CENTRE FOR HIGHER EDUCATION DEVELOPMENT >
DEAN'S REPORT

The vision of the Centre for Higher Education Development (CHED) is to be a cross-faculty unit that contributes to continual improvement in the quality of higher education through widening access, promoting excellence through equity, developing the curriculum in partnership with faculties, and enhancing the competence of graduates by ensuring the provision of key skills.

CHED’s research mission is to ensure that its educational deve-lopment work is based on rigorous and ethical research that will serve the objectives of providing equitable access to higher education, enabling social redress through higher education, and generally strengthening the quality of teaching and learning in higher education at UCT, in South Africa, and in countries with similar needs. CHED’s research arises from both institutional need and individual interest, comprising all areas connected to teaching and learning, including the basic disciplines in which some of us are based.

A further objective is to enable systemic improvement through the research-led development of policy options at national and institutional level. For this reason, a considerable proportion of the research efforts of CHED staff goes into institutional research (for example, into the impact of the introduction of anonymous marking on student performance, or the reasons why some students in good academic standing drop out of the system), and national research (for example, in response to requests from such agencies as the Department of Higher Education and Training or the Higher Education Quality Committee).

An overview of CHED’s research output points to a body of scholarship which is responsive to pressing national and institutional needs in higher education. Examples include research into the interface between schooling and higher education and issues of access, selection and placement; improving the quality of teaching and learning in discipline-specific contexts such as Mathematics, Chemistry, Physics and Information Systems; the role of tertiary educators in a changing higher education landscape; and the challenges and possibilities of Information and Communication Technology for teaching and learning. CHED contributes to national debate on these issues, among many, through a strong presence in South African journals (e.g. South African Journal of Higher Education, Southern Africa Linguistics and Applied Language Studies, South African Computer Journal, South African Journal of Libraries and Information Science). CHED’s contribution extends internationally as CHED staff are now consistently publishing in the leading journals in higher education (e.g. Teaching in Higher Education, Higher Education, British Education Research Journal) as well as leading journals in specialist areas (e.g. Journal of Applied Linguistics, American Journal of Physics, British Journal of Educational Technology). This illustrative sample of journals in which CHED staff publish also points to the multidisciplinary nature of CHED’s collective research output.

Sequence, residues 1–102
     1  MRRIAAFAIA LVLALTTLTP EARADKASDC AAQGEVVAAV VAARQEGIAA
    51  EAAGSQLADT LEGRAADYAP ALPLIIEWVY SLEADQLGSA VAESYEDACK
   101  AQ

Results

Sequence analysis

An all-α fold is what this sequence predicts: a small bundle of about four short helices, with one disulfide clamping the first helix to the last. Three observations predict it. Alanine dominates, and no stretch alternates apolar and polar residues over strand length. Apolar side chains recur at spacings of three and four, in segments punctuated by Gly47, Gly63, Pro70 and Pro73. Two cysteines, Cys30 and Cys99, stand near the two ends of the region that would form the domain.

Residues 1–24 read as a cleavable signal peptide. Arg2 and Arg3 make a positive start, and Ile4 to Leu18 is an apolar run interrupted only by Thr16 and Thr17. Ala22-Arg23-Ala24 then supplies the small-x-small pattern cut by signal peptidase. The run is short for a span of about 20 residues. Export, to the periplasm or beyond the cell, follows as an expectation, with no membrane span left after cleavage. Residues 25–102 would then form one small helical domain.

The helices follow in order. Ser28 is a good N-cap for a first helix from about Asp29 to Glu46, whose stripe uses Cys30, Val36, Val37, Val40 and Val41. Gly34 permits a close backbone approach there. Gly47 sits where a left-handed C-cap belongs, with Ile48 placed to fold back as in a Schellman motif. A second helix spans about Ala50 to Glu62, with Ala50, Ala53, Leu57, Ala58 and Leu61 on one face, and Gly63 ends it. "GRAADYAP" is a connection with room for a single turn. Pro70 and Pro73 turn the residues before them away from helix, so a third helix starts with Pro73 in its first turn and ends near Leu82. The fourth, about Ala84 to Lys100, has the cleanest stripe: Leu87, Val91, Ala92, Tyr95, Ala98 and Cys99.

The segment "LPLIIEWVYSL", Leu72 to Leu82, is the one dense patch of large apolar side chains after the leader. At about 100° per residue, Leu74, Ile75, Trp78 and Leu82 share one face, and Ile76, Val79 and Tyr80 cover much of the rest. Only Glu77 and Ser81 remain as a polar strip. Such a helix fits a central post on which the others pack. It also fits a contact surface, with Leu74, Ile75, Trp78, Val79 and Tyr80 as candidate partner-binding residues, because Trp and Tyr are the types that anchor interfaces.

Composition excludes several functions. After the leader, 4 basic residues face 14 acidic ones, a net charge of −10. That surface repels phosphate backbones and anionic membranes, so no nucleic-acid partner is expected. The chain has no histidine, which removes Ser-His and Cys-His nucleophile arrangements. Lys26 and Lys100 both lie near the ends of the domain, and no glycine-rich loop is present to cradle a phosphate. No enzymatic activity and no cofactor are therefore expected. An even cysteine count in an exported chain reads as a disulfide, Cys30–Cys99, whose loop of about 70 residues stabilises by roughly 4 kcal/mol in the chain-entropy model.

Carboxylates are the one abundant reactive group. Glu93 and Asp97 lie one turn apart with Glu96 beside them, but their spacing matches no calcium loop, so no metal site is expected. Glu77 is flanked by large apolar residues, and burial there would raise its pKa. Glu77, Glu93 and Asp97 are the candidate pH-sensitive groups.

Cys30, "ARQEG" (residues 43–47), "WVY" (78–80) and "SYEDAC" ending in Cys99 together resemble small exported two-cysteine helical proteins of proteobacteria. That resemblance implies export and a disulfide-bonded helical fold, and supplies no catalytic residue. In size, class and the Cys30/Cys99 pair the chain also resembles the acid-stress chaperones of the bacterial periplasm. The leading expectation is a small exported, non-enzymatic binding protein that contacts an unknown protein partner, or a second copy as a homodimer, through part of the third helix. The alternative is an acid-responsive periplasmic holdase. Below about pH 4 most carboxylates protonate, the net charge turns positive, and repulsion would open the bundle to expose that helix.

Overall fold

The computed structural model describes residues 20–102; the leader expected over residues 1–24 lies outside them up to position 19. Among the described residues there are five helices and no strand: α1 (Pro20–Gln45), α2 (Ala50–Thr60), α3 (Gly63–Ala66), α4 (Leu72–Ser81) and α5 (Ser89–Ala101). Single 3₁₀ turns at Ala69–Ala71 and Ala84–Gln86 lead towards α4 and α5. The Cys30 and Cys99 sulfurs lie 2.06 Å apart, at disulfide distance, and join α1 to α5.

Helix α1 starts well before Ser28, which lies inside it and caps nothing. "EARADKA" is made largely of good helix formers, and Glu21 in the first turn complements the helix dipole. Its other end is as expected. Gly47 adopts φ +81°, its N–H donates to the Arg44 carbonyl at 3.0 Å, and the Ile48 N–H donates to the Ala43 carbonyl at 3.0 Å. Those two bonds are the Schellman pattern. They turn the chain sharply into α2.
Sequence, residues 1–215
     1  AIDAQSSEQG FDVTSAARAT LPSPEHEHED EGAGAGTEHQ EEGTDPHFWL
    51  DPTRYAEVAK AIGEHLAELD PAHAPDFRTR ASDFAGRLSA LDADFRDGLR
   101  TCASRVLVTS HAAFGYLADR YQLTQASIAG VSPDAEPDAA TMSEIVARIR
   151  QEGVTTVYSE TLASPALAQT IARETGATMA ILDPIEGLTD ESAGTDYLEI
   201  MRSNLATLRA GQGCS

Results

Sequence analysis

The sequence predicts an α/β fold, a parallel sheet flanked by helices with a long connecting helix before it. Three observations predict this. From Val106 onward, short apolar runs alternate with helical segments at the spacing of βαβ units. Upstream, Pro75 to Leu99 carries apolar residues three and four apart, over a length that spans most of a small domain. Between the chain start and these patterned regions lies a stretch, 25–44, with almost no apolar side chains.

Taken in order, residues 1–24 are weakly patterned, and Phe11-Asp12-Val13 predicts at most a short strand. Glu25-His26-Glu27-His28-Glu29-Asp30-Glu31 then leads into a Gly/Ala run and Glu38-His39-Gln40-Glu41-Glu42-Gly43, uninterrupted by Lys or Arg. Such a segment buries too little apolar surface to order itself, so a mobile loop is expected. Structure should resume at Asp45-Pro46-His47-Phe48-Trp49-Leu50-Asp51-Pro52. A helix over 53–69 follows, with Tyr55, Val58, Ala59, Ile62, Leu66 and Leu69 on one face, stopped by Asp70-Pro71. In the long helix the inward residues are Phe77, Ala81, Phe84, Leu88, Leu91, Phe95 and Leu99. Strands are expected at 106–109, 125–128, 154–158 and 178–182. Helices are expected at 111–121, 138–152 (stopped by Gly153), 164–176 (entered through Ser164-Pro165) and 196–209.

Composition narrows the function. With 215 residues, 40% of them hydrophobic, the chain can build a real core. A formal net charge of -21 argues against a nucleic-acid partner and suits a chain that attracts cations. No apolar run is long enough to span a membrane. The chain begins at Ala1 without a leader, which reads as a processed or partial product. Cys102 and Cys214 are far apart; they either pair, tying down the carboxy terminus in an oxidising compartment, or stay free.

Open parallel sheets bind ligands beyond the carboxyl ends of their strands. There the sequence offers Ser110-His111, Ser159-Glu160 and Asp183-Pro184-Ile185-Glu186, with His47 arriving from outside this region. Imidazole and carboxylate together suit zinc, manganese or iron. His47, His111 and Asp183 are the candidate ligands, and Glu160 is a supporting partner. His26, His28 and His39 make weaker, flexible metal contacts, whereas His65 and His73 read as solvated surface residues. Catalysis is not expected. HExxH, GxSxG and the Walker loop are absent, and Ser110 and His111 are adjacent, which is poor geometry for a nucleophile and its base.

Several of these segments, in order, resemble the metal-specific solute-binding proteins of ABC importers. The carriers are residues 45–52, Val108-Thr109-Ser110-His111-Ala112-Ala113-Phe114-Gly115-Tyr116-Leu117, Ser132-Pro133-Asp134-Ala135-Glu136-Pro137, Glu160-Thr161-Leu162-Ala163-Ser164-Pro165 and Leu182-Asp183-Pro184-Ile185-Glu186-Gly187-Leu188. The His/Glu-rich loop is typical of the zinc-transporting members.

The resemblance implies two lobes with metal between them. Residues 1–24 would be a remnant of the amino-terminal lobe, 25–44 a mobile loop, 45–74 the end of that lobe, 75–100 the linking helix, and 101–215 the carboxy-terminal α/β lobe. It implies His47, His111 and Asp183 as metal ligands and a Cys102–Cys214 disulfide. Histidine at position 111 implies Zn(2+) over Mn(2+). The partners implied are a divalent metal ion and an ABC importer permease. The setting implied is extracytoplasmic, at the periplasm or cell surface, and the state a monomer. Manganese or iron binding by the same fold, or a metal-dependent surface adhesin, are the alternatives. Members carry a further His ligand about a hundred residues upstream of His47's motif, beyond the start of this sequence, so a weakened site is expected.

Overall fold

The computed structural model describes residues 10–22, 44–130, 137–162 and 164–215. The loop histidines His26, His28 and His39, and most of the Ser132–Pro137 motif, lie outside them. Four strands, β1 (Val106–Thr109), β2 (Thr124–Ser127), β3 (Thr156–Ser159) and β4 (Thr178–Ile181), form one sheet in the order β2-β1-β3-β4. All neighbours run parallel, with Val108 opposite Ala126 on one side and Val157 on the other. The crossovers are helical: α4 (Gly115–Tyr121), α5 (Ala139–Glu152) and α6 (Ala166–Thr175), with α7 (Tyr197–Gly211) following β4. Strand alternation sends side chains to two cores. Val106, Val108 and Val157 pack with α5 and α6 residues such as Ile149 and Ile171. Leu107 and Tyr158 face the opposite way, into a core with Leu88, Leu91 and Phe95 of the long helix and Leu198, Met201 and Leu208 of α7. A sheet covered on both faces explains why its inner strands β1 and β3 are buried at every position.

With respect to the achievements of 2009, consistent with UCT’s overall pattern, CHED’s level of research output has continued to increase. Highlights for the year include the publication of two special editions in leading international journals which were co-edited by CHED staff and include several papers by UCT authors. In addition to its existing five NRF-rated researchers, 2009 saw the addition of three new NRF-rated researchers. As CHED’s level of research activity and output continues to increase, we are confident that our contributions to ‘research-led’ teaching and learning processes at the University will grow apace, as well as our contributions to the growing international field of higher education studies in its broadest sense.

Associate Professor Nan Yeld
Dean of Higher Education Development








 

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